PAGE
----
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01 February 2016

Hungary: Protection of Employees' Personal Data in Light of the Introduction of Binding Corporate Rules

Can employees’ personal data be transferred freely within a company group? The importance of protecting personal data of employees has been and remains in the spotlight. Despite the fact that data protection has been regulated in Hungary since 1992, new developments such as the introduction of computer or web-based systems, closed-chain television systems, and GPS devices, as well as the extensive use of smartphones and other IT equipment make it necessary to revise and reinterpret those regulations.


The previous Hungarian Labour Code and the previous Act on Data Protection were enacted in 1992 and 1993, respectively. While the Act on Data Protection regulated this field progressively, the previous Labour Code contained only one general clause relating to the handling of employees’ personal data.

Since then new laws have been enacted in both fields – the new Act on Data Protection in 2011 and the new Labour Code in 2012.

Core areas of data protection in employment law

Regulations on handling the personal data of employees need to address two main areas: (i) the exact scope of data that the employer may handle (in other words, the limits of the employees’ right to privacy at the workplace), and (ii) the ways the employer must handle the personal data to which it is entitled.

Scope of data to be handled – privacy

The general rule is that data may only be handled with the data subject’s consent or specific authorisation of law. In addition to this general rule, the Labour Code stipulates that employees may be required to disclose information or data only if the disclosure does not violate their personal rights and is deemed necessary for the conclusion, fulfillment, or termination of employment. This means that the employees’ tax and social security numbers may be requested and subsequently handled by the employer, but the employees’ contacts on social networks or other personal data not related to the employment cannot be requested and handled by the employer at all. If such data is in the possession of the employer, it can only be handled upon the employee’s consent.

The Labour Code stipulates that the employer must inform employees when handling their personal data and prescribes the conditions for sharing that data with third parties. As a growing number of employers make use of third party service providers to perform some of their obligations which require the transfer of certain personal data of their employees (such as payroll and tax administration), the new Labour Code has introduced a rule, allowing employers to transfer their employees’ data to third-party data processors for specific purposes only if they have notified the employees in advance.

The practices of the data protection commissioner and its successor – the national data protection authority – established the most important principles concerning the employees’ right to privacy. Generally, employees must be informed in advance and provide their consent to all potential means of tracking them to be used by the employer, including GPS, phone call tracking systems, or simply checking employee internet use. Employees’ private lives may not be subject to any control. These principles remain intact under the new regulations.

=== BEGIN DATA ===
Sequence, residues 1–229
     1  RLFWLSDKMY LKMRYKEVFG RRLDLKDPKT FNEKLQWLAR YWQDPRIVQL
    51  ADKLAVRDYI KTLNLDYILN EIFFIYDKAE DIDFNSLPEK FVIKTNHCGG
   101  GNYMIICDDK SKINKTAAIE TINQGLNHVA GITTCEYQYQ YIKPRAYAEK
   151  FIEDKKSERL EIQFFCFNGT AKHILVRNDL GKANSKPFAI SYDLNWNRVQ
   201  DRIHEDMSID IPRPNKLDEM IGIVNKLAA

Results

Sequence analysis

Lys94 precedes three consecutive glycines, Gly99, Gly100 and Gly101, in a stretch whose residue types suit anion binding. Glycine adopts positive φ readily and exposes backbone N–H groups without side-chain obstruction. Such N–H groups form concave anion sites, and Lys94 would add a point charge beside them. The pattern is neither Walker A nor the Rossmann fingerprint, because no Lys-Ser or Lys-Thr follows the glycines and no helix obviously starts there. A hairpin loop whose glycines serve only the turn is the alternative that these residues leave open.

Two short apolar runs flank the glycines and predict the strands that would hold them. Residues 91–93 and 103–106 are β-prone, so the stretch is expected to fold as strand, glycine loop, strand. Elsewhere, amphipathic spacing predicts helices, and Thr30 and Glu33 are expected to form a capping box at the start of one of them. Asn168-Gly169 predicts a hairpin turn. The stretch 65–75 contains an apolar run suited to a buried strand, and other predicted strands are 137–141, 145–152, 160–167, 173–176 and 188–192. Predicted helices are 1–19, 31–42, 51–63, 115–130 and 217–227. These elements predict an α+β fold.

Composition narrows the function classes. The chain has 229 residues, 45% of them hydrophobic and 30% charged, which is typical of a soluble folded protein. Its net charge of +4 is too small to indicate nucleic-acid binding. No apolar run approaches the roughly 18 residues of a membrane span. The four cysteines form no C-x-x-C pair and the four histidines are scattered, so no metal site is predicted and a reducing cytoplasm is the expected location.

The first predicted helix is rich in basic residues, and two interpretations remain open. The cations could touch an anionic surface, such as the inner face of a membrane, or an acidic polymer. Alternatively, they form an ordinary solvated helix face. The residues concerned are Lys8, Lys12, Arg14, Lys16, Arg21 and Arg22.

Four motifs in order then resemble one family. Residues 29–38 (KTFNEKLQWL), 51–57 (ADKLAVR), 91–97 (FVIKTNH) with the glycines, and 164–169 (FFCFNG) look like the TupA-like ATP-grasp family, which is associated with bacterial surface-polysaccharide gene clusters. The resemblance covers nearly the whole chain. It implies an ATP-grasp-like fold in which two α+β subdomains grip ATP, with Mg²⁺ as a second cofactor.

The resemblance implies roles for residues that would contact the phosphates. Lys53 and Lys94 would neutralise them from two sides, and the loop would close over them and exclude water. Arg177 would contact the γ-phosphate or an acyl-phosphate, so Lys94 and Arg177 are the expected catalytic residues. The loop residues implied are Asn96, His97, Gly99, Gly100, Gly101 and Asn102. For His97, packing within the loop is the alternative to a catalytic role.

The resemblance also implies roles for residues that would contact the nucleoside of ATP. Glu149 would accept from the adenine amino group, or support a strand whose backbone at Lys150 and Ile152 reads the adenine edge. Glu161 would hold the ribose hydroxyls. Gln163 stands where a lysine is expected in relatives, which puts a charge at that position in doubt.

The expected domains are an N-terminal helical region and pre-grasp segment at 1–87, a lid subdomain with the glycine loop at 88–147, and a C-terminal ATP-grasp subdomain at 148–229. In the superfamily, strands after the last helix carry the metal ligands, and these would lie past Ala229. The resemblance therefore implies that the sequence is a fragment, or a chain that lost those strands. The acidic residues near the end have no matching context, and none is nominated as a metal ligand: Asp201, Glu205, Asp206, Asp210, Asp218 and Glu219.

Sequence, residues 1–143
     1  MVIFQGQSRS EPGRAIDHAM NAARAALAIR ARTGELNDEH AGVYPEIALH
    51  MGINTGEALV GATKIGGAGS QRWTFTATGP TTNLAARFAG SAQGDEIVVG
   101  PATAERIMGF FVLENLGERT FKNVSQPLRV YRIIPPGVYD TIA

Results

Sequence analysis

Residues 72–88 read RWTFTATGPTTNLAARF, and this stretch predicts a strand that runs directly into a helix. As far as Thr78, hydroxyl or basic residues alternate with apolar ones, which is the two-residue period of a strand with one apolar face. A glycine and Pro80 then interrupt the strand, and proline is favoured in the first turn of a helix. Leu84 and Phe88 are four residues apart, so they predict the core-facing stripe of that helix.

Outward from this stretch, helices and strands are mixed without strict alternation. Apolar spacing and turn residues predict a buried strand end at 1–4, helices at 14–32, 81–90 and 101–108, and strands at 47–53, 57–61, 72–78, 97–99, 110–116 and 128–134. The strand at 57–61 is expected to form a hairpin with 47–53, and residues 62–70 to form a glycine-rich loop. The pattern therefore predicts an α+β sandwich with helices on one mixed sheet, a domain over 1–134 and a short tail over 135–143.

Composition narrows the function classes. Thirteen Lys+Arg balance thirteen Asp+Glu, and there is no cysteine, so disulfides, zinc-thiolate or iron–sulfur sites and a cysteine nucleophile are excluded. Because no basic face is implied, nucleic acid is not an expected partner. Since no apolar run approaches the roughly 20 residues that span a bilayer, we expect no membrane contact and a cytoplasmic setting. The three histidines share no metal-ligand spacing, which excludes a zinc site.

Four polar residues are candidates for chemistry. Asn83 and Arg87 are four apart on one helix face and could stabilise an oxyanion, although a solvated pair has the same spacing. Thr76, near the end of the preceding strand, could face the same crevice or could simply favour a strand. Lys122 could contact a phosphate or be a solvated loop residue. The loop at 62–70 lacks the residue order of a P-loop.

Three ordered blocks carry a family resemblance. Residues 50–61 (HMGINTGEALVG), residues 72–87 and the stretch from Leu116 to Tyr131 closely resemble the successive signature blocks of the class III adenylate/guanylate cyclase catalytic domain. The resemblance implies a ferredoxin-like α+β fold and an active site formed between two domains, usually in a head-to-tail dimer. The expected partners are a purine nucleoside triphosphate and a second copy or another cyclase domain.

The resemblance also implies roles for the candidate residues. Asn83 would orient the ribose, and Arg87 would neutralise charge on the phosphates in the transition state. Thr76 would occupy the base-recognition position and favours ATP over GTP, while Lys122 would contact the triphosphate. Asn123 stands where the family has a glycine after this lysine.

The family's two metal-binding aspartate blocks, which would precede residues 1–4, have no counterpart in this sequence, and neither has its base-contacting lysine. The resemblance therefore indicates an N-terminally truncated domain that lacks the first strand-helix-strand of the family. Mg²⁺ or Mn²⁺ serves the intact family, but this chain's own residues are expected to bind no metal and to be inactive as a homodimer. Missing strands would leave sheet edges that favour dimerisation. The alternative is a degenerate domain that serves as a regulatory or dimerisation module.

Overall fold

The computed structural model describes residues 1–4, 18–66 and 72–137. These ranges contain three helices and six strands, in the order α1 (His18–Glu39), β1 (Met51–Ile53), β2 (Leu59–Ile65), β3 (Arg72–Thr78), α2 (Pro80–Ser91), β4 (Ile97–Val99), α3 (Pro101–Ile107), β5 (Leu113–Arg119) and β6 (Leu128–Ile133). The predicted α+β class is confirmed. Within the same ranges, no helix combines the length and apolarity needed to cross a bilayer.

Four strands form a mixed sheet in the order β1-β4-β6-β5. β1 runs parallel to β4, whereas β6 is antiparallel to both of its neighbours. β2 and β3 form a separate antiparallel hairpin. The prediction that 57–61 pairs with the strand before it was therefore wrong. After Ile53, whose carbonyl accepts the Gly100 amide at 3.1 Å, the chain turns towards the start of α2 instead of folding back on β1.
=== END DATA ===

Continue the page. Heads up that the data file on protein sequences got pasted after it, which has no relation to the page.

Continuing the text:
Handling employees’ personal data – data transfers

Another important aspect of employee personal data protection pertains to the handling of personal data or information that the employer already lawfully possessed. In this regard, one of the most problematic areas is the transfer of data to third countries. The increasing number of companies operating globally which outsource their internal functional areas to shared service centers has made it increasingly important to find a solution to this problem.

Introduction of binding corporate rules

A recent amendment to the Hungarian Act on Data Protection (“Amendment”) introduced the concept of binding corporate rules (“BCRs”) into Hungarian law. BCRs are basically a group-wide internal policy on intra-group data transfers, and as such it will likely be a practical tool to regulate and allow data transfers within a company group. Companies using BCRs will not need to obtain separate approval for each personal data transfer within their group. The use of BCRs will therefore help to reduce administrative costs and strengthen as well as harmonise internal data processing practices. The use of BCRs is a progressive tool for intra-group data transfers, as they can be adapted to the day-to day operation of company groups. Finally BCRs are binding and enforceable for all members and employees of the company group, regardless of their place of residence.

Since 1 October 2015 and as a result of the Amendment, the Hungarian Data Protection Act officially accepts BCRs as adequate protection in cases of data transfers outside the EU/EEA. This important milestone will obviously affect the data handling practices of many multinational corporations. With the proper implementation of BCRs, storing employee data and keeping employee records in servers located outside Hungary will no longer create concerns.

The use of BCRs is a progressive tool for intra-group data transfers, as they can be adapted to the day-to day operation of company groups.

author: Dániel Gera


Office Managing Partner